In April of 1945, after three years of not knowing if his only son, an Army captain serving in the Philippines was alive or dead, New York State Supreme Court Justice Christopher J. Heffernan received a ray of hope. It came to him in a very informal and indirect way but it came to him none-the-less. The Judge was told that an officer who had been imprisoned in Manila by the Japanese forces who had invaded the islands shortly after Pearl Harbor had been attacked, had met another prisoner who supposedly told him he had seen Christopher J. Heffernan, Jr. alive as late as November of 1944. One can only imagine the sense of hope and excitement that must have permeated the Judge’s Market Street home, when he told his wife and the youngest of his four daughters that their beloved son and brother might be alive. But then, just a few weeks later on Flag Day, 1945, a letter came from the War Department confirming once and for all that Captain Heffernan had died of malaria in a Japanese prison camp in April of 1942.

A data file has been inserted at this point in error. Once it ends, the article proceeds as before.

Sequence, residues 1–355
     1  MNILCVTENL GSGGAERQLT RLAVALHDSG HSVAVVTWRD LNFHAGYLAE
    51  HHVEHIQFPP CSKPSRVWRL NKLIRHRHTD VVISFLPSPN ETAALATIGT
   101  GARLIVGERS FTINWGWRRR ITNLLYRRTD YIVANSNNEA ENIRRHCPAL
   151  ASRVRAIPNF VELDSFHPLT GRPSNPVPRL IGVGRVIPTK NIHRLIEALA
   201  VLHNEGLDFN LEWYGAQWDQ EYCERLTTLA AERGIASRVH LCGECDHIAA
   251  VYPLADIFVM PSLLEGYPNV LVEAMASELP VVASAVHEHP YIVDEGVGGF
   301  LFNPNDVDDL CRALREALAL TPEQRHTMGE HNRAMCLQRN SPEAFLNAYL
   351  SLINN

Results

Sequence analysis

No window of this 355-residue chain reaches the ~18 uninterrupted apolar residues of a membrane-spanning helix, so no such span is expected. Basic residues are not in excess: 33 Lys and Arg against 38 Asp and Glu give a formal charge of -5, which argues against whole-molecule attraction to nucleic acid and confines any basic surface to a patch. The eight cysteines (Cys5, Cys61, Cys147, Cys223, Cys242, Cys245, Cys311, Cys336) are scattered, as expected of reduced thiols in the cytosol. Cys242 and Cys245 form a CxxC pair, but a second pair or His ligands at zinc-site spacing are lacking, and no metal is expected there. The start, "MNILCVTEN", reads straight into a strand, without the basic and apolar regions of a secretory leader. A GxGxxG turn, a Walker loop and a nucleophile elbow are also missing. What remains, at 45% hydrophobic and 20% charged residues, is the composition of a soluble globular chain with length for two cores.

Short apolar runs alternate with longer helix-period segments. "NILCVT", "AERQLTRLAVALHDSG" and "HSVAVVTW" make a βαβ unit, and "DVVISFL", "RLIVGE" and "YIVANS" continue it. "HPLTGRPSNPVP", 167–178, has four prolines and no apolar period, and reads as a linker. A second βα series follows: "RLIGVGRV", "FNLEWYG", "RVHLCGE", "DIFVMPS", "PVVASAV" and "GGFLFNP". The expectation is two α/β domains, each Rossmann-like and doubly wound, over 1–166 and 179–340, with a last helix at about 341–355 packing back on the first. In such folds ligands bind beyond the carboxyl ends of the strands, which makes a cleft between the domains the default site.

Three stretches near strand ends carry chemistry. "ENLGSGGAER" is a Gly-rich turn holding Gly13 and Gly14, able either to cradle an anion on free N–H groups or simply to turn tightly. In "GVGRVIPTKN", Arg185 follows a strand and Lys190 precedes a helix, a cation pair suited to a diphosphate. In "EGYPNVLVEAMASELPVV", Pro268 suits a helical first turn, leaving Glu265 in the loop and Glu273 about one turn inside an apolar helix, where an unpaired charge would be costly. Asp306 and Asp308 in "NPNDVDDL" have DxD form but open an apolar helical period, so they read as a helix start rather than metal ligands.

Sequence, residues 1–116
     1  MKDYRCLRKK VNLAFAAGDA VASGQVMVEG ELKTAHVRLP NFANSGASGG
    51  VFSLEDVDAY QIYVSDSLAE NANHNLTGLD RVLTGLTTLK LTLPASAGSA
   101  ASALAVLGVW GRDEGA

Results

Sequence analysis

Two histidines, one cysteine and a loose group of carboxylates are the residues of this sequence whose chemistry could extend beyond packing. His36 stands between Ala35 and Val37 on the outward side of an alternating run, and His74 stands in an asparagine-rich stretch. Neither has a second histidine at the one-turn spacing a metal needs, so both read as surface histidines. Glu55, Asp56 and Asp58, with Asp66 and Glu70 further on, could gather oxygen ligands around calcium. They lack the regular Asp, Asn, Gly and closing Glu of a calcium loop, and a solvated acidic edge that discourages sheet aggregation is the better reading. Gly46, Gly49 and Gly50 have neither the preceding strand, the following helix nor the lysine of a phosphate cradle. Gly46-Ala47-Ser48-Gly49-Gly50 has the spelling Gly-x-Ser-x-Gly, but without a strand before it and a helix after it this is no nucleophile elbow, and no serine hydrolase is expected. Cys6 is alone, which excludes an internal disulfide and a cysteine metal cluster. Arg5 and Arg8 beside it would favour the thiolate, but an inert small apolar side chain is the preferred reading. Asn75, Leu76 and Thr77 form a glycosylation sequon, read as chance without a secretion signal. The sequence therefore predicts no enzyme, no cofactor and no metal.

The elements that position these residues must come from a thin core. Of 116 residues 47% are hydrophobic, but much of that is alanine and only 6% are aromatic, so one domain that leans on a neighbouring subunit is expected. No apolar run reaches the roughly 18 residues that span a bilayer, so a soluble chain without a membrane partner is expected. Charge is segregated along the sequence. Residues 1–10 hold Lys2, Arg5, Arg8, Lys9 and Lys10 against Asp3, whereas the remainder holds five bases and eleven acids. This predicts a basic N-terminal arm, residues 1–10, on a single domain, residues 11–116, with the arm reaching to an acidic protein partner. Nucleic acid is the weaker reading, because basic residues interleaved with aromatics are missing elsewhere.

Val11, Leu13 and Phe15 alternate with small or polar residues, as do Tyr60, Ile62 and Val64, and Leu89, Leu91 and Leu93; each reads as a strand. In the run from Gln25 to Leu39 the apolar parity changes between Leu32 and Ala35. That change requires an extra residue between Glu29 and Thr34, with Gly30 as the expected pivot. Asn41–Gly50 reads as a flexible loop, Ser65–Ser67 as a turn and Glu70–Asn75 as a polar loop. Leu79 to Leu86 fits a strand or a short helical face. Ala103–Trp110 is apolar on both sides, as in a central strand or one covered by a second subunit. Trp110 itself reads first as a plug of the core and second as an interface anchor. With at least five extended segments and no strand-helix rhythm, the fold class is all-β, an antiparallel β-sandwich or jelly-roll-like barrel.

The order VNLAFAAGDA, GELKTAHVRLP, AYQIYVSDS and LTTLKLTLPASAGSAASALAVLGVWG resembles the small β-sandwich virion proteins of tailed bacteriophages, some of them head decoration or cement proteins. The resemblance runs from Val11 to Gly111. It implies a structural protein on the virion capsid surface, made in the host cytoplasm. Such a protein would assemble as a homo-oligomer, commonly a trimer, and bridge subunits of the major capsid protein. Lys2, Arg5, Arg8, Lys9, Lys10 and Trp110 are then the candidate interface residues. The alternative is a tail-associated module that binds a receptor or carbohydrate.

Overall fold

That meant this promising young graduate of St. Mary’s Institute and the West Point Military Academy had made the Supreme sacrifice for his country before reaching the age of 24. In the brand new second edition of A Year’s Worth of Amsterdam NY Birthdays I share an eloquent tribute written for this gallant young Amsterdam native by an anonymous West Point classmate.